How Firing Troublesome Clients Can Increase Gross Revenue

Firing Bad ClientsFor a long time, it’s been a business rule that you should never tell a customer “no” and that the customer is always right. We have grown into an age where businesses no longer feel that that is true. In fact, telling certain customers “no” and sending them along their merry way to another business is sometimes to the best thing that you can do for your company. The reason for this is because of the 80/20 rule, also known as Parato’s law.

What is Parato’s 80/20 Law?

If you have never heard of the 80/20 rule that is commonly used for business and life, it is a logic that is put to use that can help you better see the more important areas of your life. The rule states that 20% of your input makes up 80% of your output. In business, this translates to 20% of your efforts make up to 80% of your outcomes, or 20% of your customers make up 80% of your revenue. It can also refer to 20% of your employees providing 80% of your business productivity.

How Firing Bad Clients Relates to 80/20 Rule

When you have troublesome customers, it slows down the productivity of your business. You know you have bad clients if you they have the following traits:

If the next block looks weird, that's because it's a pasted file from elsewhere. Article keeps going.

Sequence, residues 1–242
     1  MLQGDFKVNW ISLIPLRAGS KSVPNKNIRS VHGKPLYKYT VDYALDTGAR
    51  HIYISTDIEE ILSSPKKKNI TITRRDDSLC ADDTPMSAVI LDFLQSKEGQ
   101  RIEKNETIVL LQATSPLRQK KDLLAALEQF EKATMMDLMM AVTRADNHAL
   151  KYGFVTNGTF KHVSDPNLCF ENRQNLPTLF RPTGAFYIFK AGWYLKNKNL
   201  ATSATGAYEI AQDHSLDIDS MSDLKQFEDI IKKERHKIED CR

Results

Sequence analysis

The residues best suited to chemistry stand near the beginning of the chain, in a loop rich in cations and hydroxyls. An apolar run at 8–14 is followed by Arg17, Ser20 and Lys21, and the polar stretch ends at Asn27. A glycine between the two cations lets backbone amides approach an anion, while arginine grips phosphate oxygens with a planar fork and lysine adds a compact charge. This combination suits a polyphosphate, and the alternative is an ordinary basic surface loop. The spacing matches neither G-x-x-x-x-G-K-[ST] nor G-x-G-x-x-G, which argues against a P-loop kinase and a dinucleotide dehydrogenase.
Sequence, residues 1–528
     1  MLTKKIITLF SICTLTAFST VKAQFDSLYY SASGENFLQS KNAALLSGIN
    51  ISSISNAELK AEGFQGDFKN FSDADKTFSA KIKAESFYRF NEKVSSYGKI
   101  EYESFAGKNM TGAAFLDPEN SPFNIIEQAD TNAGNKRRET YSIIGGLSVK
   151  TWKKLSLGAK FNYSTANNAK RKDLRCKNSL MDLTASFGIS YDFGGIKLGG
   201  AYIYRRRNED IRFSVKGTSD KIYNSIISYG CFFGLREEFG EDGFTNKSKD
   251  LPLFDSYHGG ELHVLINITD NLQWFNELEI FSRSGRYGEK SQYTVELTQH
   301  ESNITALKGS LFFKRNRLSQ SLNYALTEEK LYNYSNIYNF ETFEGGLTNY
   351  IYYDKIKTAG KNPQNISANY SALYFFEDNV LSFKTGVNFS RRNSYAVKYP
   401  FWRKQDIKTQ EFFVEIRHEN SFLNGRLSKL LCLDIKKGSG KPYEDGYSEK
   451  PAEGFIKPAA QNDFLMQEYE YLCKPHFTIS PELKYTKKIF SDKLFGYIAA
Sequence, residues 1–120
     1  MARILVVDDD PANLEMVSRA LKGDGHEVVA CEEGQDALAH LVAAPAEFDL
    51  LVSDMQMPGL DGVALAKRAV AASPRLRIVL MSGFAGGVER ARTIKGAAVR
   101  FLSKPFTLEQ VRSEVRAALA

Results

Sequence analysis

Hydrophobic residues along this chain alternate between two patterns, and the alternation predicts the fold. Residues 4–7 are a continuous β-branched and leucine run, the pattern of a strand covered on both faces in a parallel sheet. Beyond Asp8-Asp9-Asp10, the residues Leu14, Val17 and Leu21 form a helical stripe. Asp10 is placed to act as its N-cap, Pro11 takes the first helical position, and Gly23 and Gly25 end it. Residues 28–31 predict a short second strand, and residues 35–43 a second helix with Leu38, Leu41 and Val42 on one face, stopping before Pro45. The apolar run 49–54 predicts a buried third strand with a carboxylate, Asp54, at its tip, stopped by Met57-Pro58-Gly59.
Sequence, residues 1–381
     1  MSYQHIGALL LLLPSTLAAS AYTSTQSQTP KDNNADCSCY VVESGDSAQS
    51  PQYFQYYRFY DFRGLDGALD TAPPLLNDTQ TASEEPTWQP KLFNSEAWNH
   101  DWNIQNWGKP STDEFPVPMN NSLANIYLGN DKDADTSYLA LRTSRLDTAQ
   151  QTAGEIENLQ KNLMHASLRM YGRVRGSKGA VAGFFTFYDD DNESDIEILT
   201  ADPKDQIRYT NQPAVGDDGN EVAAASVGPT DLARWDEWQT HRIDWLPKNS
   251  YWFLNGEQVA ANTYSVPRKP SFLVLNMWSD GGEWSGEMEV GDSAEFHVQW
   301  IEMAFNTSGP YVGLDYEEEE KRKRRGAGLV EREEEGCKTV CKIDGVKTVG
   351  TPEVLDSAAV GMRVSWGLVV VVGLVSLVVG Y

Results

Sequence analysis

• Doesn’t pay invoices on time.
  • Always nitpicks at everything.
  • Is rude and dishonest.
  • Needs to be looked after to stay on schedule.
  • Is a tough negotiator.
  • Is bureaucratic.
  • Is inconvenient to your business.

 

All of these are warning signs that you are dealing with clients that are not worth your time and efforts. Not only are they slowing down your time, but they are slowing down your revenue. It can be hard to tell a paying client “no”, especially when you are trying to get every cent of revenue that you can get your hands on. But if you are seeing that you have customers that are making things hard for you, then it isn’t worth it.

Focusing on the 20%

In order to make your business thrive, you have to identify the 20% of your customers that are actually “good”. All of your focus should be placed on them because they account for 80% of your business and revenue. Keeping them happy is important, so that they remain loyal clients. Here’s how you can identify the 20%:

 

  • Client is profitable to your business.
  • Client is strategically important to your business.
  • Client is a high-volume customer.
  • Client asks you to do things that you do well.
  • Client values what you do well and is willing to pay you for it (at fair market price).
  • Client challenges you to improve your skills and increase your knowledge.
  • Client takes you in new directions that comply with your business strategy and planning.

 

In order to keep these customers around, you should learn everything you can about them. Ask what’s important to them, what attracts them to your business, how you can improve your business and how you can continue doing more business with them. By giving your 20% more attention, you will be able to keep your company profitable, without the headache of dealing with horrible clients.

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